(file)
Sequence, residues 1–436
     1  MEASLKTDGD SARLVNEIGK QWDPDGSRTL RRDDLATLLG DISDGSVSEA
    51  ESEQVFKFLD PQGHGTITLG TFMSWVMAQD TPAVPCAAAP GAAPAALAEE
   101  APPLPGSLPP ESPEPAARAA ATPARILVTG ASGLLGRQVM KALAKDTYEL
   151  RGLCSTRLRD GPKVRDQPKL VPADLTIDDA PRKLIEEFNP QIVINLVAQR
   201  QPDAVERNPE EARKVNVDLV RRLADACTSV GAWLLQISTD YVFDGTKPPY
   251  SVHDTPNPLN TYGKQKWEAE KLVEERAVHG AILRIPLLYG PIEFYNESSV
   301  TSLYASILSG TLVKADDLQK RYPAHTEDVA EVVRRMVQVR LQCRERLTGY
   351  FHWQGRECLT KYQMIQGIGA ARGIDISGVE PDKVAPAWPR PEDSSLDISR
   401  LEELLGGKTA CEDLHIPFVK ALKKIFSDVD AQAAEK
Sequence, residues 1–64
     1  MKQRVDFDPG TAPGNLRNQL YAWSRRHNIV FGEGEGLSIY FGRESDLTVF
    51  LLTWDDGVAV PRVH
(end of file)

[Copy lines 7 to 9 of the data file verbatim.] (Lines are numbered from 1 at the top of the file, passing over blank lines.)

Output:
   251  SVHDTPNPLN TYGKQKWEAE KLVEERAVHG AILRIPLLYG PIEFYNESSV
   301  TSLYASILSG TLVKADDLQK RYPAHTEDVA EVVRRMVQVR LQCRERLTGY
   351  FHWQGRECLT KYQMIQGIGA ARGIDISGVE PDKVAPAWPR PEDSSLDISR